Internet Payments

Secure & Reliable

Your data is encrypted and secure with us.
Godaddyseal image
VeraSafe Security Seal

Lethbridge Herald Newspaper Archives

- Page 7

Join us for 7 days to view your results

Enter your details to get started

or Login

What will you discover?

  • 108,666,265 Obituaries
  • 86,129,063 Archives
  • Birth & Marriages
  • Arrests & legal notices
  • And so much more
Issue Date:
Pages Available: 18

Search All United States newspapers

Research your ancestors and family tree, historical events, famous people and so much more!

Browse U.S. Newspaper Archives

googlemap

Select the state you are looking for from the map or the list below

OCR Text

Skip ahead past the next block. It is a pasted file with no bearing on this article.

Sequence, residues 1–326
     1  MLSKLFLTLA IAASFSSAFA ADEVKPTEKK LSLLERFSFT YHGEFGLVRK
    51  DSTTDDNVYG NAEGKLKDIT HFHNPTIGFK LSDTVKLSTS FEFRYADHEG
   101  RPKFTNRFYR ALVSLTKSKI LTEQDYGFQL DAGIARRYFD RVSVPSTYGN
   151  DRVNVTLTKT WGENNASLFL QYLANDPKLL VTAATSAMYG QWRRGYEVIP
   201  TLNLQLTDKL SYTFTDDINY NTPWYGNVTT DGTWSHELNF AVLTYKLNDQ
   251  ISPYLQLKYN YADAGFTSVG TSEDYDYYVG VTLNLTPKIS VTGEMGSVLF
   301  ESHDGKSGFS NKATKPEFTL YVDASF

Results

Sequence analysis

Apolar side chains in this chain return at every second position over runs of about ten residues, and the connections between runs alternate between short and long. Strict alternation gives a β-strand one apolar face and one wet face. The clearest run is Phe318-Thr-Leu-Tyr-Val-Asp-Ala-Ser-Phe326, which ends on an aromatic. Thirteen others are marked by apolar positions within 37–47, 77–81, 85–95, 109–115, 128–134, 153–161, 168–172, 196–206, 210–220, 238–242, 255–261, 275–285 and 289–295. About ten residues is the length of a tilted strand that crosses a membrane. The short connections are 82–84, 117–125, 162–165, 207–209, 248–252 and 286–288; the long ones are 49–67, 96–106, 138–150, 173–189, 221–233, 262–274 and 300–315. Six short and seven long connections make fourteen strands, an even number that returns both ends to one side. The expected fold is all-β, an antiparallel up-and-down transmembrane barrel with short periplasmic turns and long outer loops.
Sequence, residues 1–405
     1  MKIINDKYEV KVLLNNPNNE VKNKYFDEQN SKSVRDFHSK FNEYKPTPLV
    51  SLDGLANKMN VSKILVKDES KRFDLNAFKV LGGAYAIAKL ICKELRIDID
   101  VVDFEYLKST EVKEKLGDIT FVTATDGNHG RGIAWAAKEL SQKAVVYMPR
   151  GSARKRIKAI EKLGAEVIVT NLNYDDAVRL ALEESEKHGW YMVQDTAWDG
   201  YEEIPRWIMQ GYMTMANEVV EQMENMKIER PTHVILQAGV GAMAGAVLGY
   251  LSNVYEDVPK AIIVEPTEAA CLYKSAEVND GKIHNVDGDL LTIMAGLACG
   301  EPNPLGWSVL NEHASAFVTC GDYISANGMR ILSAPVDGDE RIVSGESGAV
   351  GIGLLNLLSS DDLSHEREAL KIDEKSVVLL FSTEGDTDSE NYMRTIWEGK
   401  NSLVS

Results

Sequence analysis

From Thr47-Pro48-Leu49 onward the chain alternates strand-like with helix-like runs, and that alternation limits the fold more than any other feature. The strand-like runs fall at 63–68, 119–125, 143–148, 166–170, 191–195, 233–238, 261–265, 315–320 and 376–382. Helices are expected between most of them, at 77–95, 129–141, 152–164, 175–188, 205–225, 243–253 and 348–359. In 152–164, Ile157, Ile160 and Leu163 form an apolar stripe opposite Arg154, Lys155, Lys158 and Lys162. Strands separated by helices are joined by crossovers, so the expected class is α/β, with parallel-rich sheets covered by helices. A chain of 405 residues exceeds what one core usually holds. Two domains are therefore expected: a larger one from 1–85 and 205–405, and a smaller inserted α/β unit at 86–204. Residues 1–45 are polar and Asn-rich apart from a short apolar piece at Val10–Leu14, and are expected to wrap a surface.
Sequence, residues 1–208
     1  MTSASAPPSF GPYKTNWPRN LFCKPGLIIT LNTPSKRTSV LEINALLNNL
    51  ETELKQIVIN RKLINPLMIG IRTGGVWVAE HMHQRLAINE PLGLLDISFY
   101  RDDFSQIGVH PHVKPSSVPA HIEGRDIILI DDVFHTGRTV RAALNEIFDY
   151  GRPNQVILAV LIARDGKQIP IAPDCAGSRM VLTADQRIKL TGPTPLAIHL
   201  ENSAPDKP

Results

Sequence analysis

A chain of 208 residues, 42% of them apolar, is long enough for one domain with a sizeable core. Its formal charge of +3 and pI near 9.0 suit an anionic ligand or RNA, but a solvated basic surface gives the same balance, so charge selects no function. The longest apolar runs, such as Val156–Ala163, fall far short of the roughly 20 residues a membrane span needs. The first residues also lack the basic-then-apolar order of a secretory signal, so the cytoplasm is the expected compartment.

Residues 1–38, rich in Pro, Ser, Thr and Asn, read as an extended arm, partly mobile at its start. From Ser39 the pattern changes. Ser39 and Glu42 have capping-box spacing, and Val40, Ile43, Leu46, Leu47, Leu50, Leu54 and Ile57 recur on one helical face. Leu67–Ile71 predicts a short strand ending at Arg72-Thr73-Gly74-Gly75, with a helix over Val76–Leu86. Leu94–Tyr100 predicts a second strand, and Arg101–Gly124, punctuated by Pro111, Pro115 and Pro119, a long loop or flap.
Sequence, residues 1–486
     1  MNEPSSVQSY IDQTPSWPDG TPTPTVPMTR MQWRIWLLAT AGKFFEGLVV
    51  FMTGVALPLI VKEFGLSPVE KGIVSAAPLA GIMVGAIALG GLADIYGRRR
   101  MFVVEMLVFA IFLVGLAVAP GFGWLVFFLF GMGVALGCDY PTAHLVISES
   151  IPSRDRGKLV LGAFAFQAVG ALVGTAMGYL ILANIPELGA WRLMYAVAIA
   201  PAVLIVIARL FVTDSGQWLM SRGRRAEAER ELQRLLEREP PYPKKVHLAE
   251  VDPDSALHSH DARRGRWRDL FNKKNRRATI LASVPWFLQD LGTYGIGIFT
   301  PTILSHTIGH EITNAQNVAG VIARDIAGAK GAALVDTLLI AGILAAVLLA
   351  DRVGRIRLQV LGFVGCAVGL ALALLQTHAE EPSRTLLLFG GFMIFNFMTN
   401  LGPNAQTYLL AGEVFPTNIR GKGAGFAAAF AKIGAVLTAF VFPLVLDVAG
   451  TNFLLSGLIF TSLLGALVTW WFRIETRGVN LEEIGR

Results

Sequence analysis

Lethbridge Herald, The (Newspaper) - July 6, 1971, Lethbridge, Alberta ___fewtey, July 1971 THl IETHBRIDO! HfRAlB 7 Esks, Bombers triumph in first exhibitions VANCOUVER (C) Ed- monton Eskimos defeated Brit- ish Columbia Urns 17-15 Won toll JJiww J-i day night in ft Western Football OANU IMUIVUnW OMH ,ackled by three Winnipeg Blue Bomber., JB. Critchlow an Mickey Doyle (52) in exhibition play in Ottawa Monday The Blue Bombers won the game 19-17. _______________ Conference pre-season game played before fans. Both clubs played with 20 more players than they will use in the regular season and both squads used a selection of quarterbacks. B C. jumped into a 7-0 first- quarter lead when Tom Wilkin- son capped a 100-yard march with a 41-yard touchdown pass to Loch Heron. Edmonton came back in the second quarter with two con- verted touchdowns, one by new- ly-acquired fullback Bob Hou- mard on a two-yard handoff play from Rusty Clark, and a 15-yard strike from Clark to rookie Larry Jacobson. Edmonton's other three points came on a 49-yard field goal from Dave Cutler, who earlier converted both Edmonton touch- bined on 20- and 16-yard scor- ing plays. Jonas also kicked a S6-yard field goal and two converts while Ed Ulmer booted a pair of punt singles. Players file charge NEW YOBK CAP) '_... Major League Baseball Players Association has filed an unfair labor practice charge agains the 24 clubs, citing their refusal to divulge terms of a new tetevi Oldham scored his touchdown on a 24-yard pass from quarter- lack Gary Yi'ood and Ardern ntercepted a Jonas pass on the Winnipeg 21 and ran it in to score. Ivan MacMillan lucked a 46- field goal and converted loth Ottawa touchdowns. The Riders outrushed Winni- peg 173 yards to 83. Dennis Juncan, who came to Ottawa from Winnipeg and Montreal Alouettes, picked up 60 yards on eight carries. Al Marcelin got snolher 50 for the Riders. Jonas and Benji Dial threw a total of 51 passes and com- pleted 26 of them for 373 yards. Wood and Rick Cassatta, combining for Ottawa, attempted 24 passes and completed 12 for 214 yards. Winnipeg intercepted four Ot- tawa pass attempts and Ot- tawa picked off two of Winni- peg's passing tries. sion contract. British Open next victory for Super Mex? Trevino, Nicklaus share favorites role "You'H lose this tear" SOUTHPORT, England (AP) The tip-off came last week in the Canadian Open at Mont- real's Richelieu golf club. Arnold Palmer, pro golf's all- time leading money winner, its most dynamic performer, the greatest drawing card the game has ever known, was making the turn and was about to nit his tee shot on No. 10. An announcement was made on the adjacent first tee, first in French, then English. "Now on the tee, the U.S. Open champion, Lee Trevino. The vast gallery surrounding Palmer began to melt away. A dozen, a few score, began to amble away from Palmer to- ward Trevino's already huge gathering. Monday. FANS LEAVE ARNIE More fans joined them, the walk became a trot, and then it was a full-scale stampede, liter- ally hundreds of people running away from Palmer to watch the brash and cocky Trevino do his thing. He may not yet be king. "If the money's there, 111 play on a gravel he once said. He's not Palmer, nor Gary Player, the dedicated little South African. He's no Billy Casper, delicately cutting his way around a course, nor a Jack Nicklaus. He's Trevino, Super Mex. One of a kind. A rags to riches char- acter who captured the imagi- nation of the public by flaunting tradition. He twice passed up invitations to play in the Masters, one of the world's four major champi- onships and a bastion of the game's Establishment. It's actions such as those that have helped make this 31-year- old Mexican-American grandson of a Dallas gravedigger one of for the title in this week's Brit- ish Open. "I said early in the year that was one of my big Trevino said. "After ours, I is the most Important In the world.' W11U. Trevino arrived in England Monday morning after an all- night flight from Montreal. It will be his third national cham- think the British championship I pionship in four weeks. But that's not particularly un- usual on his hectic schedule. He won the U.S. Open in a playoff on a Monday in Ardmore, Pa., and last Tuesday morning was in Cleveland giving a. clinic be- Newspapers blast Hunt fore driving out to the suburbs for a practice round. He played the Cleveland open that week, competed in a pro- am in another state the next Monday, then to Montreal. "I'd like to break Casper's record of prize nings in a season. The more play, the better chance I said Trevino. At his current rate, he's got. very good chance to put his win ntags in the bracket for the year, LONDON (AP) La mar Hunt, the Texas millionaire ten- nis promoter who has quar- relled with British open tennis officials, got a rough ride from loading British sports writers "You'll lose this war, said a headline over Frank Ros- tron's story in The Daily Ex- press. Because Hunt's organization, World Championship Tennis, de- manded a larger share of the Minor baseball the most popular performers the game has seen, puffing crowds in the gate with his chatter and quips and and a game that is unorthodox, a product of his days as a golf hustler, of the years scrambling for a buck in sand-laden winds of the Southwest. It may be unorthodox, this flat, peculiar swing of his, but he's no longer worrying about covering a ?5 bet as he did less than six years ago as a a week assistant on an El Paso, Tex., driving range. His victory in the Canadian Open Sunday and the first prize pushed his earnings for the year to If he plays at anything approaching his'present clip he'll easily sur- pass Ben Hogan's career eam- a single sea- son. He has won four times this year, more than any other player. A half-dozen strokes could have given him four other titles. He lost once in a playoff and missed first place in three others by a total of four strokes. And he's one of the favorites The Angels picked up a con- vincing 24-6 victory over the Red Sox in Lakeside Little League playoff action Monday night. Allan Gepneris gained the mound victory with nine strike- outs while Doug Roberts suffer- ed the loss. Mike Sheen crashed two home runs and a double in lead- ing the Angels 13 hit attack while Harvie Pocza chipped in with a home run, two doubles and a single. Alex Gepneris also managed a double and two singles and Bryan Turner two singles. For the Sox R. Waters strok- ed two doubles in a losing cause. In another Lakeside encoun- ter Brent Maxwell won over Greg Olshaski and gave the In- dians a slim 9-7 win over tht Tigers. Morgan Munroe Wasted i home run for the winners whil< Guy McNab poked a double for the losers. The Cardinals took a one lowing 10 hits while striking I seven. Grant Wiens stroked a dou- e and a single for the Braves lUe Ingarfield aided his own use with a triple and two ngles. Mark Tokariuk managed a in a losing cause. liners host ?oremost The Lethbridge Miners cur- rently leading the Southern Al- berta Senior Baseball League will host Foremost tonight at game lead in their Norc res Little League playoffs agains the Cubs with an 8-6 victory las night. John Wadden earned the vic- tory with five strikeouts and Rocky Wells took the loss fan ning seven. Randy Service and Waddei led the Card hitters with tw doubles apiece while Reg Ar< shenko and Theo DeGroot bel ed two singles each for the Cubs. In Norcrest Farm League tion the Bears bounced th Bobcats 17-7. Scot Fooks blasted a horn ran, a triple and two stogie, for the Bears. In Norcrest Little League pi Earl Ingarfield fanned 11 hi lers and gave up five hits pacing the Braves to a 12 victory over the Pirates. Harry Blacker took the los profits, its 32 stars face the threat of a ban from all major tournaments next year. The International Lawn Ten- nis Federation is expected to approve the ban Wednesday at its annual meeting at Stresa, Italy The breach between the ILTF and WCT, ending four exciting years of open tennis, centres on Hunt's demand for a flat pay- ment of from the All- England Club for allowing his stars to play at Wimbledon next year, in addition to the prize money they win. He also wanted a say in television contracts and the make of balls to be used. Herman David, All-England chairman, said he was not going to allow anyone to interfere the running of Wimbledon, "and I am not going to pay Mr. Hunt for letting his players reappear at Wimbledon, tyhere they made their reputa- tions." Rostron, one of Britain's best known tennis writers, wrote: "No player, no millionaire, no promoter is bigger than the game." Another leading critic, Peter Wilson of the Daily Mirror, de- action was announced Monday in a strongly blank iburbs I Brothers led the Lions to heir other touchdown late in lie fourth quarter when he capoed a downfield march with a seven-yard pass into the end zone to rookie John Love. Ted Gsrela converted both B.C. touchdowns and added a single when a 41-yard field goal try went wide. Meanwhile quarterback Don Jonas threw two touchdown passes late in the game to give Winnipeg Blue Bombers a 19-17 win over Ottawa Rough by Marvin Miller, executive director of the association, who accused the club owners of acting "arrogantly" and in a manner "challenging and insulting" to the players. The charge, filed with the national labor relations board, contends that refusal to furnish a breakdown of terms included in the four-year pact with NBC hampers the association in preparing for forthcoming pension and insurance negotiations. Hornets Lethbridge Barbarians turned in one of their top performances in the Calgary Rugby League over the weekend as hey blanked the host Calgary Jornets 12-0. Ian Wishaw, Mike Laloll, John Grey and Roger Marsh accounted for the scoring for She locals as each came up with an uncoverted try. a pro-s next isper's s win night in Ottawa. With less than three minutes remaining in the game, Jonas etunned a crowd of with two touchdown passes to Paul Williams, a University of on notice that there also is a legal question as to whether the new contract is valid since it was negotiated without the players' HOUSE PAINT WHITE ONLY Rtj. 7.95. A QC Gal NOW s got a is win rookie. The Riders, on touchdowns by flanker Hugh Oldham and defensive half Barry Ardern appeared headed for an easy win until Jones and Williams said it had made i formal request for specifics o the new contract and had "been told that it is none of our PAINT (WESTERN) LTD. (16 3rd Aw. S. Ph. 7-5540 he Henderson Baseball Park. In their three previous en ounters with the Foremost club the Miners had little prob- ciared: "Wimbledon must not agreed'to pay WCT "expenses" amounting to one-third of the prize money won by its stars. John Newcombe of Australia, tt-inner of the men's title for the second straight year, won a first prize of and in addi- tion WCT collected one-third of that, S3.000. give way to the tennis mari unettfis." WCT threatened to pull its stars out of this year's Wimble- em disposing them, blasting don if it did not get more heir way to 1M. 15-3 and 19-0 money. The AMngland victories. Although these scores are a jit lop sided, tonight's game could be a different story. The Miners who have cruised hrough the season so far with easy wins found themselves a ittle rusty last Sunday and lost their first contest of the season to the Medicine Hat Chinooks. This may just be the case xmight. The Lethbridge Herald was also informed that the de- fending Alberta Junior cham- pion Miners will host the Al- berta playoffs this year with the date tentatively set for July 17-18. Further information will be released at a later date. LOSES BOTH LEGS CONCORD, Calif. (AP) Dale Allen Eidson, who sought a free sgent tryout as a San Di- ego Charger placekidcer, was reported in critical condition Monday after losing both his legs In a firecracker accident. FRONT WHEEL ALIGNMENT Thii one wrvtce slone could save you th.n the total special price tor the lolal servira by prolonging tiro life. "This one stop special saves you time and money" "You've probably heard people MY they're being 'nickled-and-dimed to death' with a lot of small service jobs. We look after a host of needs for one low price to save you money. And by getting everything done at once, you save a lot of time. This is the common sense approach to car care. Especially when you remember that Firestone the Riding System specialists. Because we concentrate on this part of your it only stands to reason that we know it best." BALANCE ALL FOUR WHEELS Out-of-balance wheels will butcher your tires. And rob you oi ridin- comlort. We dynamically anrf statically balance your wheels to prevent bouncing i andwobbte. A this service for only TIRE ROTATION t-pos Urn cm uw you f.r mm tJHD llH COIt Of thlt ServiM special. Decisive wins for two clubs Kimura's and Bank of Nova Scotia came up with decisive wins in Businessmen's Fastball League action Monday evening. Frank Popson was the winner as Kimura's doubled the score, 16-8, on Woolco. Popson got home runs from Blair Peacock, Steve Gillies and Wally Lament to register the win. Lynne Rosaine picked up the win as his mates bounced Avco Finance 11-9.